In a case that started back in February of 2013 – when Security called 9-1-1 and had police escort non-employee union organizers out of the employer’s cafeteria – the Board “modified” decades of its own precedent. Sort of.
Some background. The National Labor Relations Act requires that employers refrain from interference, discrimination, restraint or coercion with respect to employees’ exercise of their right to engage in union activity. In 1956, the United States Supreme Court explained in NLRB v. Babcock & Wilcox Co. that an employer may prohibit nonemployee distribution of union literature on company property if (1) there are other available channels of communication that will enable the union to reach employees with its message and (2) the employer also prohibits other forms of distribution by non-employees. In other words, an employer cannot discriminate against unions by restraining their right to distribute union literature or solicit members on company property, while allowing other nonemployees to engage in that sort of behavior. That would be an unfair labor practice. Babcock & Wilcox is the real, Law of the Land sort of precedent.
However, in 1982, the National Labor Relations Board held that the Babcock & Wilcox criteria do not matter if the nonemployee union activity is on any portion of the employer’s private property that is open to the public, such as a cafeteria. Since then, the Board has held that union organizers cannot be denied access public areas (such as cafeterias), so long as they use it in the way it was intended (to order and eat food) and are not disruptive. Several appellate courts agreed – and several didn’t. However, since then, the Board has consistently found that it is an unfair labor practice for an employer to prohibit nonemployee union organizers from engaging in solicitation and other promotional activities in public areas of an employer’s premises, so long as they are not being “disruptive.”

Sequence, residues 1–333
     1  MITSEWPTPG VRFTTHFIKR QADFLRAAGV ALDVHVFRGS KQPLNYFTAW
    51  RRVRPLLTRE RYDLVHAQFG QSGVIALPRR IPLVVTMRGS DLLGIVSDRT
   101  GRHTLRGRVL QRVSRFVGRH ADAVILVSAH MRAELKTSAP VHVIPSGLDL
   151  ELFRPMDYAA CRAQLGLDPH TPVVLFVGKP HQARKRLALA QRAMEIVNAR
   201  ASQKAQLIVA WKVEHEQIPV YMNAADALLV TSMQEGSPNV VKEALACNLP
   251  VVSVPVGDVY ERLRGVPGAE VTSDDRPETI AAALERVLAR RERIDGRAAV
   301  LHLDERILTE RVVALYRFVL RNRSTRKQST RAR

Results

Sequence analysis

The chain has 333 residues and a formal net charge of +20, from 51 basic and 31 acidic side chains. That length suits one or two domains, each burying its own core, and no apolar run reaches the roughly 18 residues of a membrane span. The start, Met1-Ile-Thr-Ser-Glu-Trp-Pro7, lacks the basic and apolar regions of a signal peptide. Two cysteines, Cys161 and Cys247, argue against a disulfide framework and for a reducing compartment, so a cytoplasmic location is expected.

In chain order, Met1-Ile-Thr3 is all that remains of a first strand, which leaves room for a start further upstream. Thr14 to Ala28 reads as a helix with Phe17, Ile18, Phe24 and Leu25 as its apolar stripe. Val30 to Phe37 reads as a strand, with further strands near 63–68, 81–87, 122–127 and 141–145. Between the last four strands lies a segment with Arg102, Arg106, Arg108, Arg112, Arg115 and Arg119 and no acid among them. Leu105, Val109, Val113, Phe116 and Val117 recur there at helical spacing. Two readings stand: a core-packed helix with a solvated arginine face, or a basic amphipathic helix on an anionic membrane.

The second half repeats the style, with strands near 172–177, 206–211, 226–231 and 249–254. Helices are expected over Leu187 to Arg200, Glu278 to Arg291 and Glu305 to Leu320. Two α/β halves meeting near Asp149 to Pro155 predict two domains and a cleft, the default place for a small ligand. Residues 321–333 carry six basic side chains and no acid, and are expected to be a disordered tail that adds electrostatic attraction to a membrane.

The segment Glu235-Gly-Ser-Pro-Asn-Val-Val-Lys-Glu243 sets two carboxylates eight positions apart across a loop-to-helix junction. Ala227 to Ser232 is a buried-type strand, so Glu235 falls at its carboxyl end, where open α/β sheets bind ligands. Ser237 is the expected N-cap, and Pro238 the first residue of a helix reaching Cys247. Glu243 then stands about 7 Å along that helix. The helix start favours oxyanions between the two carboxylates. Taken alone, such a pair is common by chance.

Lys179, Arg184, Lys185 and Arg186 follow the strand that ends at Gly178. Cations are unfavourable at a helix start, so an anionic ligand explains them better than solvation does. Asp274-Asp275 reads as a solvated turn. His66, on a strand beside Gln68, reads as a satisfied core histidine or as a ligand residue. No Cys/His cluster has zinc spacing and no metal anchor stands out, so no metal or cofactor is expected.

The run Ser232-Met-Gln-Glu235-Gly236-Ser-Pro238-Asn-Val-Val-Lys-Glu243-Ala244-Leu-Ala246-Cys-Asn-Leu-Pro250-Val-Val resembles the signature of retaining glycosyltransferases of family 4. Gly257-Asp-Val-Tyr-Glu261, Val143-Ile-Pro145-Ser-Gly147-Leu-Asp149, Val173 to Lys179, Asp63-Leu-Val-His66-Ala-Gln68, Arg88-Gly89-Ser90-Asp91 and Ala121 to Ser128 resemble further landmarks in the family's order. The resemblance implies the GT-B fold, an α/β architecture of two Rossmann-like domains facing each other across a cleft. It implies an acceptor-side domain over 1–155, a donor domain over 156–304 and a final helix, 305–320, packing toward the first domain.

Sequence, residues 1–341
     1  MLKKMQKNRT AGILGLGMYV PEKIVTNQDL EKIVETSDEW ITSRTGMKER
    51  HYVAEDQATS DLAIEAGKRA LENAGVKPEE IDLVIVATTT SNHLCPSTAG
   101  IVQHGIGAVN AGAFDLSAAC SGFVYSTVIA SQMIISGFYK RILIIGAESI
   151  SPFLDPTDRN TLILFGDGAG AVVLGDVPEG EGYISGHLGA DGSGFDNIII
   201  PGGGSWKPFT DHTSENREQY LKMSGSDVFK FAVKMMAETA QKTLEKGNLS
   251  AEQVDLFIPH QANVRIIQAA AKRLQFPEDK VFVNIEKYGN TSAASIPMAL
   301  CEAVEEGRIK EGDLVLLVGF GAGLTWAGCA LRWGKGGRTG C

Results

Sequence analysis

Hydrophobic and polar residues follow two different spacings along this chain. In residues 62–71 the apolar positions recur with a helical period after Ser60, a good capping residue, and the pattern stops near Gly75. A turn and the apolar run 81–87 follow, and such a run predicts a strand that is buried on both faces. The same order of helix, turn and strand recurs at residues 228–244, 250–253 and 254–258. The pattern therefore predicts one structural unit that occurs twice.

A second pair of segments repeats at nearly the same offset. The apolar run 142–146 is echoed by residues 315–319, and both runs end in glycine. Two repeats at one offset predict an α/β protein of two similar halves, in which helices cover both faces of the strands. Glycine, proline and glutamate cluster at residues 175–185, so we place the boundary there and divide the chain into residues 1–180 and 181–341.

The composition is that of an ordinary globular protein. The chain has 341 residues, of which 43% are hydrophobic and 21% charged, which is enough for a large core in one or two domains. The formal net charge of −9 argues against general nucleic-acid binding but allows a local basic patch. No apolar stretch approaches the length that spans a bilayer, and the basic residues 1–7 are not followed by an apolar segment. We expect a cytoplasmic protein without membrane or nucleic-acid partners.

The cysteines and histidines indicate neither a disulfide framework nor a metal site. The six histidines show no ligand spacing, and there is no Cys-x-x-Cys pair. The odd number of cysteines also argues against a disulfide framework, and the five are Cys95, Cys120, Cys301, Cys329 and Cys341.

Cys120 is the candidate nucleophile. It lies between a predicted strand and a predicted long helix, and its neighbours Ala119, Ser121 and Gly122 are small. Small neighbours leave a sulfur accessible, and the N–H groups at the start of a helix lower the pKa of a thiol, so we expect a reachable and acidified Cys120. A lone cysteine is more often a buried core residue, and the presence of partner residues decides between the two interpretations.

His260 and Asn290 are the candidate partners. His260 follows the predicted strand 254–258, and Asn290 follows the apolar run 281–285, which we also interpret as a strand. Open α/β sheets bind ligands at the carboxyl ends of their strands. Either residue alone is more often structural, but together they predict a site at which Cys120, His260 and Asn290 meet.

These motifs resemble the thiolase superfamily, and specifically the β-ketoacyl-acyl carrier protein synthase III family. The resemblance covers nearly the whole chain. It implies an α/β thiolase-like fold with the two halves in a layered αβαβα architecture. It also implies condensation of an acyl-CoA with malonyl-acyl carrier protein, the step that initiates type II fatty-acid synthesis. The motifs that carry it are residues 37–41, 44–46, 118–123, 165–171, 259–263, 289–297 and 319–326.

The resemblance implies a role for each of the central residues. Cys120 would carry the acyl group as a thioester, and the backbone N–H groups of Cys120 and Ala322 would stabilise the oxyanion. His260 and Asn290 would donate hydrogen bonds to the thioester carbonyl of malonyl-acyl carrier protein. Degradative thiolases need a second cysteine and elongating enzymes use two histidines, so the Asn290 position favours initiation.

Until two weeks ago. In UPMC Presbyterian Shadyside and SEIU Healthcare Pennsylvania, the NLRB eliminated the “public space” exception that it created in 1982 and returned to a more pure interpretation of Babcock & Wilcox. Retroactively. That’s good news for employers who have public spaces on their private property.
The NLRB held that an employer has no legal obligation to allow use of its facilities by nonemployees for promotional or organizational activity. “The fact that a cafeteria located on the employer’s private property is open to the public does not mean that an employer must allow any nonemployee access for any purpose.” What does this mean for employers? IF there are other channels for the union to reach employees and the employer prohibits all promotional and solicitation activities on its property, the employer may prohibit union activity in public spaces as well (even if it is not disruptive).